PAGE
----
History of Technology Volume 29: Technology in China

Front Cover
Ian Inkster
A&C Black, Dec 23, 2009 - Technology & Engineering - 232 pages
0 Reviews

The common question from the western point of view is of the sort; why did China lose its early leadership of productive technologies to Europe during the early modern period? Answers to this seemingly clear enquiry vary from general cultural inwardness to the interferences of imperial governance. This collection surveys such theories but alters the issue by raising the notion that Chinese technologies did not so much fail as move along a path different from that of Europe.


 


Our second collection on the Mindful Hand, also shifts common ground by querying and modifying common views of the links between knowledge and technique in early-modern European development. Scientific or related knowledge was not brought to technique as a socio-cultural gift from an educated elite to the working man. Rather, educated gents, practitioners, instrument makers, craftsfolk and technicians of all kinds intermingled both socially and in terms of  the recognition of technical problems as well as  in the assemblage of the mental, commercial and  cognitive resources required to pursue innovative production projects.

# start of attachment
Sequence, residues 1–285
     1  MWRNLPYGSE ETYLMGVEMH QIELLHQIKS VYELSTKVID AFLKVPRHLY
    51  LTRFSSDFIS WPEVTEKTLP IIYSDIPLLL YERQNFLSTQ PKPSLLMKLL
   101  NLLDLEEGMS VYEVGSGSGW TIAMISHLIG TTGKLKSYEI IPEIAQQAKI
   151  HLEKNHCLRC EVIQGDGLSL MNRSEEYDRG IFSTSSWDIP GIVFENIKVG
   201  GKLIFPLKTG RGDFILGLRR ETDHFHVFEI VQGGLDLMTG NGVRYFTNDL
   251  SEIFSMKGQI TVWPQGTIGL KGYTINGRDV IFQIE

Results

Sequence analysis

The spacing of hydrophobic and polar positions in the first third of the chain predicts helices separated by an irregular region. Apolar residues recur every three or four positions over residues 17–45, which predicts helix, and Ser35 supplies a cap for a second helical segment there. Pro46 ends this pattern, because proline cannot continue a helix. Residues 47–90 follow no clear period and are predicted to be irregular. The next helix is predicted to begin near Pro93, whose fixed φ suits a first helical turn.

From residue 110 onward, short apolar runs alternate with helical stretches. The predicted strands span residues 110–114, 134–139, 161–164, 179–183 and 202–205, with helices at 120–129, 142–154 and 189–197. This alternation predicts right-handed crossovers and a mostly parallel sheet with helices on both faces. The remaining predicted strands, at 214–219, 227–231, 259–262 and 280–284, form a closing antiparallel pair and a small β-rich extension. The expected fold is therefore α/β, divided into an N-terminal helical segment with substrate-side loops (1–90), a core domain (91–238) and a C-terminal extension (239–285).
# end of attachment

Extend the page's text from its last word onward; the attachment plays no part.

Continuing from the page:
What people are saying - Write a review

We haven't found any reviews in the usual places.

Other editions - View all

Common terms and phrases

About the author (2009)

Ian Inkster is Research Professor of International History at Nottingham Trent University, UK.Graeme Gooday is Professor of the History of Science and Technology at the University of Leeds. He had broad interests in the history and historiography of technology, especially in late 19th century electrical engineering. Following his thesis work on the advent of precision measurement techniques for laboratories, his first monograph The Morals of Measurement (Cambridge, 2004) critiqued the use of metrological determinism in measurement history.

Dr James Sumner is Lecturer in History of Technology and Associate Director of the UK National Archive for the History of Computing, University of Manchester. He holds a PhD on quantification and measurement in the British brewing industry around 1800, and has broad interests in the role of standards, uniformity and technical communication in modern history.

Bibliographic information